Let It Go

“Let it go, let it go!” sang Lyn as she bounded, clicking white barrettes and all, down the side exit stairs at St. Paul’s Church headed for the reception hall. It was the evening of June 6th, “Sacraments Night,” as we had dubbed the climax of our nine- month Rite of Christian Initiation for Adults program for the mothers we serve in our mission and their children. Not an hour before, suspended in the air over the baptismal font with feet crossed and hands covering her face, Lyn received the greatest gift of her short four-year-old life. With the simple words, “I baptize you in the name of the Father, and of the Son, and of the Holy Spirit, ” and the pouring of some water, the Holy Trinity flooded her soul, removing original sin, giving her the grace of being a daughter of the Father, a member of Christ’s Body, and a temple of the Holy Spirit.

I thought Lyn’s song, “Let it go”, from the 2013 blockbuster hit, Frozen had a very apt sentiment to describe the occasion. Though several years old at this point, the movie still captivates the hearts of so many young girls. Frozen themed items proved this year again to be the most popular dolls, games, and pajamas we handed out at Christmas time. Lyn is not the only little girl we know who is constantly singing that song. Aside from the song’s catchy tune and the loveable characters, which certainly attract young fans, there is a deeper message present in the story and in this song. The movie chronicles the journey of two sisters, Elsa and Ana. Elsa, having isolated and repressed herself out of fear, is seeking freedom and peace when she sings her now wildly popular song. Elsa has the mistaken belief that in order to live in freedom she must forever separate herself to protect others from her magical wintery powers. Without revealing the climax of the film, it is enough to say that an act of love is the only remedy that can restore her childhood innocence and give her the freedom she so desperately seeks. What frees Elsa, in essence, is an act of redemptive love.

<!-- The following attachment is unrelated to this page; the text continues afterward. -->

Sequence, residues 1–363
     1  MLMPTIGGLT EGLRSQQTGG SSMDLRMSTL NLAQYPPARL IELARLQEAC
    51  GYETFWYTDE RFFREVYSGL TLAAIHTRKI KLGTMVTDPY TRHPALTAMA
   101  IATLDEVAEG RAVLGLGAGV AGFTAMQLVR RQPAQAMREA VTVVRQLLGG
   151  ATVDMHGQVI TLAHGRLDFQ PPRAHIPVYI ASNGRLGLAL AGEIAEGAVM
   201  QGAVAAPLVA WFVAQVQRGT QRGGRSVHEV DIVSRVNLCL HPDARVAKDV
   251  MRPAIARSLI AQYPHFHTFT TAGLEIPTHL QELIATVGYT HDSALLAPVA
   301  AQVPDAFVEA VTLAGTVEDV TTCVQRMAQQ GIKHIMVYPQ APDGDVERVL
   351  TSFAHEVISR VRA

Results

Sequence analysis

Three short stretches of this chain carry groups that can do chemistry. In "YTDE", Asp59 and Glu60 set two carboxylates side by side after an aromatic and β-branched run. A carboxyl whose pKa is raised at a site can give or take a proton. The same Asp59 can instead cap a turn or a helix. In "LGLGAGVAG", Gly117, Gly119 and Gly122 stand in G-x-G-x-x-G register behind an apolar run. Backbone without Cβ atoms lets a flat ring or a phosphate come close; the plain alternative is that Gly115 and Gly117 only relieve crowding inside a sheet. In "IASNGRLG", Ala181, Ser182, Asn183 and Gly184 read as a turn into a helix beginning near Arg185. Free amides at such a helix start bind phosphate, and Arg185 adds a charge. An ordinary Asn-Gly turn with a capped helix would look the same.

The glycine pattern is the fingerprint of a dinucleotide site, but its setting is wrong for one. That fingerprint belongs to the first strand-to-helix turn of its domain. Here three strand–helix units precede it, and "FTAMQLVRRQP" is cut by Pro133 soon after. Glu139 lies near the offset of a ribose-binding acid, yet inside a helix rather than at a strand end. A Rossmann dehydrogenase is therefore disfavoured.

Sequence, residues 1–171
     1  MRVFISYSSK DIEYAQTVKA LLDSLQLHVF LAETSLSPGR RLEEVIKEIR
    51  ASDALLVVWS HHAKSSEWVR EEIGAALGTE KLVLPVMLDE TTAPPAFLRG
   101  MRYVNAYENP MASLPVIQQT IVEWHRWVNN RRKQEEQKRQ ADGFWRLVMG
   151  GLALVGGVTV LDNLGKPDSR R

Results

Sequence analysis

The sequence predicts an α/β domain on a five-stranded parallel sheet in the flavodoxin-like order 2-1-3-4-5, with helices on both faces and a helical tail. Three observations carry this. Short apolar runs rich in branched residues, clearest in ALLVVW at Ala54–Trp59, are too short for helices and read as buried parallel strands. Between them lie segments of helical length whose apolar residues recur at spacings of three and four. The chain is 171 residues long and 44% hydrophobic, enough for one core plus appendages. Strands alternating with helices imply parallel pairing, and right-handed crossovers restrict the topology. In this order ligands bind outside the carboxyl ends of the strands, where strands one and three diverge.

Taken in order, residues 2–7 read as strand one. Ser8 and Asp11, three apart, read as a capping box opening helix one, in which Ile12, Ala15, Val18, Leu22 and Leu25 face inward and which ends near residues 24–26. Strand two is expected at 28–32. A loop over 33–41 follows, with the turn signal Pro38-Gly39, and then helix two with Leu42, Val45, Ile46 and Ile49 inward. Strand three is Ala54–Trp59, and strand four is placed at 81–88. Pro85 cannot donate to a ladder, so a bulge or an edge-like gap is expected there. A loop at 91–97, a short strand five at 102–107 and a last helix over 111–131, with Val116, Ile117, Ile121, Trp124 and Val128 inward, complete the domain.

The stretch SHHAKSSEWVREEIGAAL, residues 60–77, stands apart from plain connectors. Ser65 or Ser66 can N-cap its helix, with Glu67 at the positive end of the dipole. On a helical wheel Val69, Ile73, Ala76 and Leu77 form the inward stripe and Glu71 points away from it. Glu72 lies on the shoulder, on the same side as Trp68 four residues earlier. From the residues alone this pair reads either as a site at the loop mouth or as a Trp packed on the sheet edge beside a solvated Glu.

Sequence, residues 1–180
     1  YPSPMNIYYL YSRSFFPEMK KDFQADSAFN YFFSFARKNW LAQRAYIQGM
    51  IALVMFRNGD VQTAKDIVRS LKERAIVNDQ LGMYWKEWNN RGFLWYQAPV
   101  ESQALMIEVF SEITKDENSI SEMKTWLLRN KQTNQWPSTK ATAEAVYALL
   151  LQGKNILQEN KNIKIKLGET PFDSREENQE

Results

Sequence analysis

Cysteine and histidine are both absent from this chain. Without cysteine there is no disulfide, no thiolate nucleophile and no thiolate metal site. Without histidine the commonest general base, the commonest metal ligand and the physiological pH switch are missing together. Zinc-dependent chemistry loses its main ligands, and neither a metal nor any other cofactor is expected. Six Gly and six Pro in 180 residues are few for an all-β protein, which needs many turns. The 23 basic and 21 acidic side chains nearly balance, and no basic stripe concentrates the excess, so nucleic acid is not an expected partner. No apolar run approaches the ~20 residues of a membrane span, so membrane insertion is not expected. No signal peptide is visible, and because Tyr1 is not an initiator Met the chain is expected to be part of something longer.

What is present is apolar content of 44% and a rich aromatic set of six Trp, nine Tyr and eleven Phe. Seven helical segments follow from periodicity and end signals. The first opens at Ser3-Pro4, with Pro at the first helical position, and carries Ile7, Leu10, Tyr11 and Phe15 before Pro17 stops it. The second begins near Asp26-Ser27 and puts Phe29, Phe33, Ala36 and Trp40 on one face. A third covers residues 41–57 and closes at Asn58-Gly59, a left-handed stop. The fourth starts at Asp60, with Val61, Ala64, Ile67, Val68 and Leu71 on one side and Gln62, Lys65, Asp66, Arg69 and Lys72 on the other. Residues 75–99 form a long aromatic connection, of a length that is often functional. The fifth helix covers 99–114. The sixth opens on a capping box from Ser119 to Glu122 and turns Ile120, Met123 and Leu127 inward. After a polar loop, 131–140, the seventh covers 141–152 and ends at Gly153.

It is just such an act of redemptive love that Christ lives par excellence on the Cross, allowing the grace of the Sacraments to flow forth from His wounded and open side. As I watched Lyn receive Baptism, I thought of those bonds of original sin being wrenched open, “let go” in a sense, smashed open by the power of Christ in His death and Resurrection. St. Gregory of Nazianzus calls Baptism, “God’s most beautiful and magnificent gift.” It is this gift, made possible by the Passion, Death, and Resurrection of Christ, that begins the amazing journey of grace in the sacramental life, lighting the way to a forever embrace of the Father, Son, and Holy Spirit in heaven.

So let us “let it go.” Let us let go of fear in our lives, let go of the lack of trust in God’s providence and love, and let go of the resentment and lack of forgiveness that keeps us in the chains of bitterness. In this Year of Mercy, how much Jesus wants to come with his love into those places of our lives where we feel most bound, to allow His freedom to fill the entirety of our being. He wants the graces of our Baptism to flourish and blossom in hearts that are alive in Him. He wants to set us free.

Father, we praise You and thank You for the amazing gift of our Baptism, for being freed from original sin and given the gift of being your sons and daughters. Help us to live ever more fully in Christ this most wonderful of gifts so that our hearts and minds may be freed to receive your love and give your love.